First Settlement in Turkey
In 1770 or 1771,
Thomas Berry and a William McGaughy went into Powell Valley to hunt with
a Thomas Sowards, who seemed to be familiar with the Valley. While Berry
and Sowards had gone up the valley after buffalo, McGaughy seems to have
remained behind at their hunting camp and upon their return he had deadened
some trees which he claimed as his "corn or settlement rights." At this
time McGaughy was living on the Holston, as was Berry. McGaughy never actually
made any improvements or lived upon his corn right which the law required
for a legal claim, but nevertheless the Land Commissioners granted him
a warrant for 1000 acres in Powell Valley in 1781. In 1793, McGaughy traded
his land in the Turkey Cove which by accurate survey was 1400 acres to
Walter Preston for forty-five pounds in the form of a Negro girl slave,
named Milly and aged about 12 years. The terms of this contract were such
that if Preston could not get a clear title to the land Milly was to be
returned to him, and in case she had been removed by death or some other
accident then McGaughy was to repay Preston 47 pounds and 8 shillings.
Walter Preston sold this land to Simon Ely, and he, Ely, bought it contrary
to the advice of Vincent Hobbs who told him Preston could not make a good
deed because McGaughy had not made a legal settlement, with Ely saying:
"What is it that a Preston cannot do?"
In April 1775 or
1776, Jeptha Massey, along with his brother-in-law, Thomas Sowards, made
a settlement on this same land on a pre-emption for 1000 acres in Turkey
Cove and they were also granted a warrant by the Land Commissioners of
Washington County in 1781. Massey who was granted the warrant for this
land actually lived upon it, as did Sowards, built a cabin, cleared land,
planted corn, cabbage, peach stones and apple seeds, but were driven out
by the Indians in June, 1776, although they returned after Col. William
Christians' Cherokee Campaign ended in the fall of that year. Jeptha Massey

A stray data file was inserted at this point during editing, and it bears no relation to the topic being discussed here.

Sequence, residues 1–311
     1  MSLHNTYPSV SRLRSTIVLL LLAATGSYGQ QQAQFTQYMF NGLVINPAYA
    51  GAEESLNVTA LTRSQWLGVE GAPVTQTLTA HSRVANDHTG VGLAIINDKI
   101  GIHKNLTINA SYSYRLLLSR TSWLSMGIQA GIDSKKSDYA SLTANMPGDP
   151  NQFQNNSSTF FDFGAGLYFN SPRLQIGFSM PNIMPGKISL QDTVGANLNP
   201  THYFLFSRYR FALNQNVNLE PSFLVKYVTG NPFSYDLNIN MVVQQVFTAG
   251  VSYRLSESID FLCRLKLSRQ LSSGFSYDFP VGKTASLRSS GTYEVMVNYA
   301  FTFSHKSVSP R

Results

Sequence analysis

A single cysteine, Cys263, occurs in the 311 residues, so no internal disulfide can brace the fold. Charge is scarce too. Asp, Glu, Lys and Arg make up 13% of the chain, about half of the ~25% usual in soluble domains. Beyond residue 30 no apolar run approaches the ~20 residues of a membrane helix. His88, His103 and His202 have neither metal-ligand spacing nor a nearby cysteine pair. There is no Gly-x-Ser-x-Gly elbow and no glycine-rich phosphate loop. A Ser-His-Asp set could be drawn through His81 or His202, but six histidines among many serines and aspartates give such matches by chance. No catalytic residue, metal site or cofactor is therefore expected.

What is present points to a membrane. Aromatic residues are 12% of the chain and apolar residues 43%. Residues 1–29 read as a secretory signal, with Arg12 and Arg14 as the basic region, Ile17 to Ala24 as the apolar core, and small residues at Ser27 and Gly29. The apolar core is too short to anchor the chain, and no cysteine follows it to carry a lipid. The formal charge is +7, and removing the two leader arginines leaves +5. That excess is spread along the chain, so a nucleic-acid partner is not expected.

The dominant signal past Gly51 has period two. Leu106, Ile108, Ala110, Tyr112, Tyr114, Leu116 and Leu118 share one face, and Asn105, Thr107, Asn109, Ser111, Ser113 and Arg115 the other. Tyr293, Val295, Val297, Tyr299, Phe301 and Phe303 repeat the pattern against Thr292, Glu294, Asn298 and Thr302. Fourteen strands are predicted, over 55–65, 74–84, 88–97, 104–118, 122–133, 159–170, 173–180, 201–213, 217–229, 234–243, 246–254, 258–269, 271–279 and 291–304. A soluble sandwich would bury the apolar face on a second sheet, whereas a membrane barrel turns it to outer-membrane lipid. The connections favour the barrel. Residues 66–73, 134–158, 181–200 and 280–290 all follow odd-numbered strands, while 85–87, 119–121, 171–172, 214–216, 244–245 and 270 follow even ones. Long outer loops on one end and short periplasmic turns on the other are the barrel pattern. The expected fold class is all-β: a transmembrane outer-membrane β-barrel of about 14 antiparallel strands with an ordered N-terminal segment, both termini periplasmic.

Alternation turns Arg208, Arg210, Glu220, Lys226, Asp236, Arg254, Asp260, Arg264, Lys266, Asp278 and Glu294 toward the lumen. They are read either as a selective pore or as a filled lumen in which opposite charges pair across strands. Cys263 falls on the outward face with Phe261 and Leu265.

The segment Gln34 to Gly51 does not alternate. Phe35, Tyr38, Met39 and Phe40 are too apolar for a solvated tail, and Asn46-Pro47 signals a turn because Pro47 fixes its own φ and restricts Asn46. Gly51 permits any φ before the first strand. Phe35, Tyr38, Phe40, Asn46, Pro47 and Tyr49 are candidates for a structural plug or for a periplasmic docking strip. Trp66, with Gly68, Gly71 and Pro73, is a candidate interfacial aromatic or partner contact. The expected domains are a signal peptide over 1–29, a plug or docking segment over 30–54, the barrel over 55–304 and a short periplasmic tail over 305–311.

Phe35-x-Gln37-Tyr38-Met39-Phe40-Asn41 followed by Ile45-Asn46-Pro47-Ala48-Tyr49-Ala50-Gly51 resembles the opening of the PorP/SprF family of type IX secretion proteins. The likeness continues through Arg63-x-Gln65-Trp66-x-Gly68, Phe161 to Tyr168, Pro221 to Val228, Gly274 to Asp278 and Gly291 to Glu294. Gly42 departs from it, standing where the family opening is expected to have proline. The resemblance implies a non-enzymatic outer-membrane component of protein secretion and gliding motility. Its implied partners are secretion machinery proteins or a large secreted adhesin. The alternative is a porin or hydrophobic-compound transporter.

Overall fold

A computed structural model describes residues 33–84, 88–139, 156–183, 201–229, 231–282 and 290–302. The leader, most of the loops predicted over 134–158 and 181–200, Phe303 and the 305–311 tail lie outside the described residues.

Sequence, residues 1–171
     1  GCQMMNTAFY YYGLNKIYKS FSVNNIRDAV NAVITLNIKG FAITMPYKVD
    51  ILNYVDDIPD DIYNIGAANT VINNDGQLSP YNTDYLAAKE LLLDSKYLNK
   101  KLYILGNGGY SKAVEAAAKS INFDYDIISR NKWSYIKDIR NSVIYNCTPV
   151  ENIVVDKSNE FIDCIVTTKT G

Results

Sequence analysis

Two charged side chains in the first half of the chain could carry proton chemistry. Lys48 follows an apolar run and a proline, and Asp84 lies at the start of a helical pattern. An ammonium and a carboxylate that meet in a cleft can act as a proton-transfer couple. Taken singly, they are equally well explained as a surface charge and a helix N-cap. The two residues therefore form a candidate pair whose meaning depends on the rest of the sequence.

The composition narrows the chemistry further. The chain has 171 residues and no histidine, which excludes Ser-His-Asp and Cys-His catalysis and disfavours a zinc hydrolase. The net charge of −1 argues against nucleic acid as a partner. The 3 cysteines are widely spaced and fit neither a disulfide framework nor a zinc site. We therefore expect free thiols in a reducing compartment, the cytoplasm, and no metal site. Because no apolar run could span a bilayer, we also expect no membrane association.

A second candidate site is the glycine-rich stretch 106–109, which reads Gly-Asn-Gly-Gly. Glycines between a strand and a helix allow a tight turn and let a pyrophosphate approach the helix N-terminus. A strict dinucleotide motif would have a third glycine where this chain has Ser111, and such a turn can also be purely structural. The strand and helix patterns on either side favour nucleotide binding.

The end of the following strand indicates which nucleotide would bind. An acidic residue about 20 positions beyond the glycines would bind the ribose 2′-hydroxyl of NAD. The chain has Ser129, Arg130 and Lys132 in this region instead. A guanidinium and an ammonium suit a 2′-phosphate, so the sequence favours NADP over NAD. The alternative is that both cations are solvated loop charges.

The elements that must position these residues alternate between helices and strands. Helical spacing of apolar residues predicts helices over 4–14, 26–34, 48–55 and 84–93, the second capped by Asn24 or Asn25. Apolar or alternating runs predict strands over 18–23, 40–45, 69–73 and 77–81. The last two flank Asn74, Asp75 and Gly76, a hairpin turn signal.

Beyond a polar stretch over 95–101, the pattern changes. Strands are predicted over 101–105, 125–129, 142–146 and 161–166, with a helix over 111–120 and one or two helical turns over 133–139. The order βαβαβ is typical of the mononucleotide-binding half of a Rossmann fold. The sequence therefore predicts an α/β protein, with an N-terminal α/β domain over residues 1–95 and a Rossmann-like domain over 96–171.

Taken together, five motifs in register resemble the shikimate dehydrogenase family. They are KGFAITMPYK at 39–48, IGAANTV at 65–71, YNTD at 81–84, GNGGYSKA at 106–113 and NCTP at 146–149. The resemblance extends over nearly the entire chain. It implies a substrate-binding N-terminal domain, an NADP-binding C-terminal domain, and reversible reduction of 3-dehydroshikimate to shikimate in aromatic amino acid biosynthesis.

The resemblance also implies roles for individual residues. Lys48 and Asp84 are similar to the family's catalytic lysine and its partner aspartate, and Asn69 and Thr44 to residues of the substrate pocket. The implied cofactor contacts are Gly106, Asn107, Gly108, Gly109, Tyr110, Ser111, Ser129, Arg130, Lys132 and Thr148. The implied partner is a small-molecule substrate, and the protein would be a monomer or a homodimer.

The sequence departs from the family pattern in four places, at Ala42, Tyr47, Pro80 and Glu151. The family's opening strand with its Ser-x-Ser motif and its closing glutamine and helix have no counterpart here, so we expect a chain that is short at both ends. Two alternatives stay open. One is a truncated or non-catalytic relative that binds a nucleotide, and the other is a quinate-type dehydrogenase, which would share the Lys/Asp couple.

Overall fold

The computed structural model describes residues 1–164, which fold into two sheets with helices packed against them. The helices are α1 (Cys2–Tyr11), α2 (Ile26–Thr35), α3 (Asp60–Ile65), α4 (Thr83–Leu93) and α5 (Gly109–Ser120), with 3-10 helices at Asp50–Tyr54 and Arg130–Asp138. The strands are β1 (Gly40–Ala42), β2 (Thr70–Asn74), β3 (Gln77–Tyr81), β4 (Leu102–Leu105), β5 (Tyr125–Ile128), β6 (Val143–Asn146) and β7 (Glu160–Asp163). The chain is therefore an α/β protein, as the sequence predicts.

sold his warrant sometime between 1777 and 1779 to one James Arbuckle who
moved his family into the cove and occupied the Massey cabin at the Sinking
Springs. Marital trouble began between James Arbuckle and his wife, Rachael,
and he left her, going to Greenbrier County, West Virginia (then Virginia)
where he died at the home of Henry Hunter in April, 1783. Rachel continued
to live on in the Cove and Jeptha Masey, the cause of separation from her
husband, at a place called "Rachael's Cabin." She was still living here
in 1780 when Vincent Hobbs went to the Turkey Cove to make a settlement
and he said she seemed very angry that he trespassed upon her land, which
she claimed by Massey's settlement right.
On October 12, 1781,
Rachael Arbuckle sold the land to William and Robert Davis and Alexander
Wiley of Wythe County, having either her son, James, who was then 14 or
15 years old, or one Joseph Cury forge the "X" for her husband's signature.
James Arbuckle, Jr., who was born in 1766 or '67, stated in Jefferson County,
Indiana, on March 20, 1820, that Cury made the "X" mark.
The Davis brothers,
William and Robert and Alexander Wiley used the Arbuckle land to pasture
livestock, and did not reside upon it, as did James Thompson who owned
the large tract upon which Captain Vincent Hobbs settled with his family
in 1780. Thompson, who lived at the Townhouse in Chilhowie was a son-in-law
of Col. Evan Shelby and had herdsmen who tended his and Shelby's cattle
on the Turkey Cove land.
These two land grants
of McGaughy's and Massey's which were for the same tract of land caused
two lawsuits in the Chancery Court of both Wythe and Augusta Counties,
the first being Simon Ely vs Davis, and the second in Wythe being between
the heirs of James Arbuckle vs Davis and Wiley.
Who was this James
Arbuckle, Sr? He came into Augusta County, Virginia around 1745. He had
a wife and two sons, Matthew and Thomas Arbuckle. He was serving in the
militia prior to April 21, 1759, with the two sons serving as their father's
servants. After the death of his first wife, James Arbuckle, Sr., married
the above mentioned wife, Rachael, on January 11, 1762, and by her had
at least one son, the James Arbuckle, Jr., heretofore mentioned.
son of James, Sr., by his first wife, was the famed Captain Matthew Arbuckle
on James River who was in command at the murder of the Indian Chief Cornstalk.
Matthew and his wife, Frances, who after his death in Greenbrier County,
in 1781, married a man named Welch, had at least two sons, Charles and